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American Association for Hand Surgery
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Theme: Inclusion and Collaboration Theme: Inclusion and Collaboration

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Characteristics of Hand Transfer Patients and Follow-up Care Based on Insurance Status
Ellen Kroin, MD; Sonya Agnew, MD; Sameer Puri, MD; Michael Bednar, MD; Terry Light, MD
Loyola University Medical Center, Maywood, IL

Introduction:

The transfer of patients for hand and microsurgical care from emergency departments (ED) to tertiary care centers is a practice that requires substantial resources. It is often suggested that the patient's insurance status plays a role in likelihood of transfer. Many of these transferred patients may not require immediate surgery in the operating room (OR), but undergo procedures in the ED. They are then discharged with instructions for follow-up care with a hand specialist. Treating surgeons are usually concerned that effective follow-up care is available. This is particularly true for patients with complex hand injuries.

This study analyzed patients with hand injuries or conditions acutely transferred to a university ACS Level 1 trauma center to determine whether there was a correlation between the patient's insurance coverage and the likelihood of outpatient follow-up care with a hand specialist.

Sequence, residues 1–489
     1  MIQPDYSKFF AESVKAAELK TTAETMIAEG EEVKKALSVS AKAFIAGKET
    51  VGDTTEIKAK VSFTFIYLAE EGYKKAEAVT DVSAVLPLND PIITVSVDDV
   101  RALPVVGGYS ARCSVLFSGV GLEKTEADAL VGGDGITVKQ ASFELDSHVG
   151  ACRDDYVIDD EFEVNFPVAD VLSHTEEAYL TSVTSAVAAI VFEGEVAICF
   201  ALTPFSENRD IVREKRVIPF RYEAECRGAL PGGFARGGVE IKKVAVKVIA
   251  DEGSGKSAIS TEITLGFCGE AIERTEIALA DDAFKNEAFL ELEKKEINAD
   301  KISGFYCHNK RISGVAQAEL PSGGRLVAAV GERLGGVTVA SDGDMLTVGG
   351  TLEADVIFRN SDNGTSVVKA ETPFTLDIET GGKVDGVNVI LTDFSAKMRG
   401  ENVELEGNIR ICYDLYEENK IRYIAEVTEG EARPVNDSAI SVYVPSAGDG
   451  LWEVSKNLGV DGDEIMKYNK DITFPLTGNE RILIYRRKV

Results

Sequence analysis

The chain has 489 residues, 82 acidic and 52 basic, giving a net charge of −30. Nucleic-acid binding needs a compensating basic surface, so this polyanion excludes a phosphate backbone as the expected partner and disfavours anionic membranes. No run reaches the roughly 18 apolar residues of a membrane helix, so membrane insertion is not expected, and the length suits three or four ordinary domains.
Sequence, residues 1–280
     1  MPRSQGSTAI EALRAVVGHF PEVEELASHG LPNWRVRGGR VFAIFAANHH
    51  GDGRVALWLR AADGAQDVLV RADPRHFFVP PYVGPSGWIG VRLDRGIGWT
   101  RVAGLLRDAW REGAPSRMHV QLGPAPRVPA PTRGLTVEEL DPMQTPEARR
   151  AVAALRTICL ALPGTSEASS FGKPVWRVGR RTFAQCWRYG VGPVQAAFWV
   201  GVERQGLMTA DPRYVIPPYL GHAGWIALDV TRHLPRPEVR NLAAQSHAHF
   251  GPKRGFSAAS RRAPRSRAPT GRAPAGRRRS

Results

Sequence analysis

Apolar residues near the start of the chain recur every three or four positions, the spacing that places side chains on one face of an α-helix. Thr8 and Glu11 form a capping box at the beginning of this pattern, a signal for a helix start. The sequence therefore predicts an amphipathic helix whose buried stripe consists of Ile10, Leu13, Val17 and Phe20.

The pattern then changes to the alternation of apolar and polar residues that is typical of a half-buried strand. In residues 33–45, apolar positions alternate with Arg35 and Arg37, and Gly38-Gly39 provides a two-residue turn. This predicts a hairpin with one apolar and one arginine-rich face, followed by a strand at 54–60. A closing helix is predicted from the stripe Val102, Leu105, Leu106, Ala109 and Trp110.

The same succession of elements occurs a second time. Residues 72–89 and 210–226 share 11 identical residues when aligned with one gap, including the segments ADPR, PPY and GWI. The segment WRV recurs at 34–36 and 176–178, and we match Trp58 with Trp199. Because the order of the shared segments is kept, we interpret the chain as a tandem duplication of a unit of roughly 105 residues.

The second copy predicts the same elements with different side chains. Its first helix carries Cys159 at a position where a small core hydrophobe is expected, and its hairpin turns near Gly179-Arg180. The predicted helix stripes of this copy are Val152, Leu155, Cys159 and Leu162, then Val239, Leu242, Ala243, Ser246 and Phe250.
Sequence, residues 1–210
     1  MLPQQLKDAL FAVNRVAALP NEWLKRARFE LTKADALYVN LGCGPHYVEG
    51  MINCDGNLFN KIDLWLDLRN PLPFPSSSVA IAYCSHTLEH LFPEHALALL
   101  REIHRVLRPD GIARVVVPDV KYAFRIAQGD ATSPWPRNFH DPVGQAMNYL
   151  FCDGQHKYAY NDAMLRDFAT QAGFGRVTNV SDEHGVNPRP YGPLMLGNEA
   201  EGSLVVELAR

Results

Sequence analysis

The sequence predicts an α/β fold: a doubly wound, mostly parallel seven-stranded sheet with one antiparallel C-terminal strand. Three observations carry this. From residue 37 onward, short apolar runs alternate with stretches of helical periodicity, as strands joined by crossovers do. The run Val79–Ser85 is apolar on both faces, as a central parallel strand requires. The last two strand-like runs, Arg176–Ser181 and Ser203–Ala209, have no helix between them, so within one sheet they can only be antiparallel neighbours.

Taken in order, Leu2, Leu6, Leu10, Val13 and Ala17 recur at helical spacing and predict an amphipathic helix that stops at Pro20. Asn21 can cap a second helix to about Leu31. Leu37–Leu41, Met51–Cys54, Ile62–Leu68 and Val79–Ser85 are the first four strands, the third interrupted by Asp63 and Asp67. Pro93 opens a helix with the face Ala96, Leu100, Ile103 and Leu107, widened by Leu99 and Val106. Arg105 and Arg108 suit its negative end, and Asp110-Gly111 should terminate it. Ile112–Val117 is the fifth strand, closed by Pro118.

Methods:

After obtaining institutional review board approval, a retrospective chart review was performed in all patients transferred over a 12-month period to a university ACS Level 1 trauma center for the care of hand and microsurgical trauma. Collected data includes timing of patient transfer, demographics, insurance status, diagnosis and co-morbidities, procedures performed, disposition, and status of outpatient follow-up. Statistical analysis was performed to determine whether follow-up with a hand specialist was influenced by insurance status.

Results:

Over a 12-month period, a total of 83 hand or microsurgical patients were transferred to our trauma center. Thirty percent of transferred patients were confirmed uninsured while 22% of the patients were confirmed to be insured but out of the institution's network. The uninsured patients were less likely to require admission for acute surgery by a hand specialist (36% uninsured versus 62% insured, p < 0.05). All discharged patients were provided instructions for outpatient follow-up with the institution's hand specialists. However, 36% of the uninsured and 35% of the out-of-network patients who underwent a procedure in the ED or had acute surgery in the OR did not receive follow-up care by the institution's hand specialists, while only 5% of "in network" insured patients (p < 0.05) failed to attend follow-up appointments with medical center surgeons.

Conclusion:

This analysis demonstrates that uninsured patients are more likely than insured patients to be transferred with issues that can be treated in the ED. Uninsured and out of network patients are less likely to follow-up with health system surgeons than patients with "in network" insurance.


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